Infantry is notable by its reliance on organized formations to be employed in battle. These have been developed over time, but remain a key element to effective infantry development and deployment. Up into the 20th century, infantry units were for the most part employed in closely organized formations up until the actual moment of contact with the enemy. This was necessary to allow commanders to retain control of the unit, especially while maneuvering, as well as allowing officers to retain discipline amongst the ranks.
With the development of weapons with increased firepower, it became necessary to disperse soldiers in infantry units to make them less susceptible to high explosive and rapid fire weapons. From World War I, it was recognized that infantry were most successfully employed when using their ability to maneuver in constricted terrain and evade detection in ways not possible for other weapons such as vehicles. This decentralization of command was made possible by improved communications equipment and greater focus on small unit training.
Among the various subtypes of infantry is 'Medium infantry.' This refers to infantry which are less heavily armed and armored than heavy infantry, but more so than light infantry. In the early modern period, medium infantry were largely eliminated due to discontinued use of body armour up until the 20th century. In the United States Army, Stryker Infantry is considered Medium Infantry, since they are "heavier" than light infantry but "lighter" than mechanized infantry.
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Other articles related to "organization, organizations":
... the London branch of Human Rights Watch, replied that the organization rejected Bernstein's "obvious double standard ... standards to all countries." Strong criticism against Human Rights Watch was caused by the Organization's declarations in favour of CIA illegal actions of Extraordinary rendition towards suspected terrorists ... for his dual roles in both the terrorist organization PFLP, and the human rights organization, Al Haq ...
... These organizations do not nominate candidates for election but otherwise function similarly to political parties ... and Socialism 1991 Committees of Correspondence Communist Voice Organization 1995 Democratic Socialists of America 1982 Socialist International Freedom Road Socialist ... of Marxist-Leninist Parties and Organizations (International Newsletter), International Coordination of Revolutionary Parties and Organizations Social Democrats, USA 1972 Socialist ...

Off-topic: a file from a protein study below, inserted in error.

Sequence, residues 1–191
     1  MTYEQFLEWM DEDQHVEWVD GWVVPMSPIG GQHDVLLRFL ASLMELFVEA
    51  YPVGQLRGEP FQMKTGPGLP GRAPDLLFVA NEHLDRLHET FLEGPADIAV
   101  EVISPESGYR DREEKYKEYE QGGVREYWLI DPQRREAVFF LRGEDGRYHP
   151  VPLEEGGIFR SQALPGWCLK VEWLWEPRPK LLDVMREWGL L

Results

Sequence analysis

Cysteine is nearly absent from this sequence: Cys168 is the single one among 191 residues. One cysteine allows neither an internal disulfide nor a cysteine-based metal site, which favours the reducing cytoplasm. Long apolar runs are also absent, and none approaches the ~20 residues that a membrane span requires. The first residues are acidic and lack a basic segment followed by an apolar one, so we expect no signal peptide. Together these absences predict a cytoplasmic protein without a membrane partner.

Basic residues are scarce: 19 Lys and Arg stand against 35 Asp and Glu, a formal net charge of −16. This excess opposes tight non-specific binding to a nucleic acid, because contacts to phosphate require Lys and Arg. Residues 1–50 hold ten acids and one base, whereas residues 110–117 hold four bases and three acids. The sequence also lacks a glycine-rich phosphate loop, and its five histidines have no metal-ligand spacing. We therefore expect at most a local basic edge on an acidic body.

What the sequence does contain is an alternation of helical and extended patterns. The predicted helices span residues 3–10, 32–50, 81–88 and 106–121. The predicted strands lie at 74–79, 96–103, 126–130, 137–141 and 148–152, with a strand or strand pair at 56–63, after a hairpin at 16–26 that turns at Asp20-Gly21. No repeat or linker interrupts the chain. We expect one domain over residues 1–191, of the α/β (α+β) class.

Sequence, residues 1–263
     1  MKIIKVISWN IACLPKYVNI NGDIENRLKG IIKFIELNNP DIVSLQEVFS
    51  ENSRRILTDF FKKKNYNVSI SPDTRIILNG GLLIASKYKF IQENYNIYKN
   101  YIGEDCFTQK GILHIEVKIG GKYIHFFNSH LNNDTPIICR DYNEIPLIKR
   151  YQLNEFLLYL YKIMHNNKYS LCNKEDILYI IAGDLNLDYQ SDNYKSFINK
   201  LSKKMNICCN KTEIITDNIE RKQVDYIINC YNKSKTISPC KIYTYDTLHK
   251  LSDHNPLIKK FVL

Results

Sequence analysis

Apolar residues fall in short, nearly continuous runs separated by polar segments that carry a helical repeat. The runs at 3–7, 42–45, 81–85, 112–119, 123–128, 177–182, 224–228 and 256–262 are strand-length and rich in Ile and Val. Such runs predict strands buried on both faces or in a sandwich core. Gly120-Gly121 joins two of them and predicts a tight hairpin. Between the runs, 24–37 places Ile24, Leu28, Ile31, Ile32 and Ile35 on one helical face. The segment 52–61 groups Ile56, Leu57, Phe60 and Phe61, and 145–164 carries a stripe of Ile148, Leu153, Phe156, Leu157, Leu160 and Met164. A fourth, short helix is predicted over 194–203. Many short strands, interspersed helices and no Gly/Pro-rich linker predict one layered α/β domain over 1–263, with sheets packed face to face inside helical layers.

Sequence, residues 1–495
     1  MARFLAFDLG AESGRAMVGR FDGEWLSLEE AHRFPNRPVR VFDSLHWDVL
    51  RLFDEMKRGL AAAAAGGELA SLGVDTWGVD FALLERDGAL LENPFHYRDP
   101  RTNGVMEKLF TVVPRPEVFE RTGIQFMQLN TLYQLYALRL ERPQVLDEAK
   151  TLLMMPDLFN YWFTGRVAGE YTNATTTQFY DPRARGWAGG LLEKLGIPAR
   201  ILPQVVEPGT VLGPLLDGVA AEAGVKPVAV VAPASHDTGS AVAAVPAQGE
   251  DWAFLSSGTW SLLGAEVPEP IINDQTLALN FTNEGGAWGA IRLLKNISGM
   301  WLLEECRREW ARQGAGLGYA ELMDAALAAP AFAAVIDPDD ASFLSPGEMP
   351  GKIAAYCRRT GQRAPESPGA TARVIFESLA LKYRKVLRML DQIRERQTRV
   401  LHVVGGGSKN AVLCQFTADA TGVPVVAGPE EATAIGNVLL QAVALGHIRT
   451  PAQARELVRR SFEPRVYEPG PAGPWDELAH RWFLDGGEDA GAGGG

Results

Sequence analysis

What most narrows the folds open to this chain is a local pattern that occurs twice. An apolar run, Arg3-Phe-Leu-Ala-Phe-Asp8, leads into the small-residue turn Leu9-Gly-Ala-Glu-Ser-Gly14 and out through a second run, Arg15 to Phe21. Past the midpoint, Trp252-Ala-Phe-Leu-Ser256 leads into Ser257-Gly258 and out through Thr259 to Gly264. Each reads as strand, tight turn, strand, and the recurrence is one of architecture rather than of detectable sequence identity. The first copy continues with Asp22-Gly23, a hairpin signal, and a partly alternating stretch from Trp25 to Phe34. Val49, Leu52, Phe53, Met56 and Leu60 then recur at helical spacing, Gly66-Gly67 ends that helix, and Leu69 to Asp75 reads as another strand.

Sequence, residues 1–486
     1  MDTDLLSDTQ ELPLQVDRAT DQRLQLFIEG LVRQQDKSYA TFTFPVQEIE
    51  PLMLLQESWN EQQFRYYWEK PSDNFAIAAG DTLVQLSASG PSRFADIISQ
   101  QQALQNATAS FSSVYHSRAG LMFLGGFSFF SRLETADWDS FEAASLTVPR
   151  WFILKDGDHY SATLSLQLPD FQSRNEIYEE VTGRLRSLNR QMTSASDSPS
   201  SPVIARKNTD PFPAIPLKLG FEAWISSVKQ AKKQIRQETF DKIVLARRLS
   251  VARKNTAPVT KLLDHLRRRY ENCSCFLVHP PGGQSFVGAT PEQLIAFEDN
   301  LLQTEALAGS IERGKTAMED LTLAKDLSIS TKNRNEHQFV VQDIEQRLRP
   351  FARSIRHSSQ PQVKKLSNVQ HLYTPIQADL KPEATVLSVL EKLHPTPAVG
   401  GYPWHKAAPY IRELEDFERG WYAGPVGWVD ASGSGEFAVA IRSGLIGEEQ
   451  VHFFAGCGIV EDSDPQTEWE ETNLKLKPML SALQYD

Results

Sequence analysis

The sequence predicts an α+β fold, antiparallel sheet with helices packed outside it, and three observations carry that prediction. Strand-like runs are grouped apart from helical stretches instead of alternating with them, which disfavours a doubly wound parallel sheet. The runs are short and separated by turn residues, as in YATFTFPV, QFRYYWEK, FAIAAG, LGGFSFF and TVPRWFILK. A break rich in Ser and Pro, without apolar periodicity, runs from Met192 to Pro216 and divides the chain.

... The 3rd Sustainment Brigade has a permanent organization of two attached battalions, however this number can be changed when the unit is deployed in a theater of operations ...
... of the Latin Union, of the Association of Spanish Language Academies, of the Organization of American States and of the Organization of Ibero-American States Paraguay See Paraguay–Ur ... of the Association of Spanish Language Academies, of the Organization of American States, of the Organization of Ibero-American States and of the Union of South American Nations Peru See Peru–Uruguay relations Both ... the Latin Union, of the Association of Spanish Language Academies, of the Organization of American States, of the Organization of Ibero-American States and of ...
... the Grandmasters Association (GMA), an organization to represent professional chess players and give them more say in FIDE's activities ... outside FIDE's jurisdiction, under another organization created by Kasparov called the Professional Chess Association (PCA) ... tried to organize another World Championship match, under another organization, the World Chess Association (WCA) with Linares organizer Luis Rentero ...
Famous quotes containing the word organization:
“In any great organization it is far, far safer to be wrong with the majority than to be right alone.”
—John Kenneth Galbraith (b. 1908)
“I would wish that the women of our country could embrace ... [the responsibilities] of citizenship as peculiarly their own. If they could apply their higher sense of service and responsibility, their freshness of enthusiasm, their capacity for organization to this problem, it would become, as it should become, an issue of profound patriotism. The whole plane of political life would be lifted.”
—Herbert Hoover (18741964)
“Unless a group of workers know their work is under surveillance, that they are being rated as fairly as human beings, with the fallibility that goes with human judgment, can rate them, and that at least an attempt is made to measure their worth to an organization in relative terms, they are likely to sink back on length of service as the sole reason for retention and promotion.”
—Mary Barnett Gilson (1877?)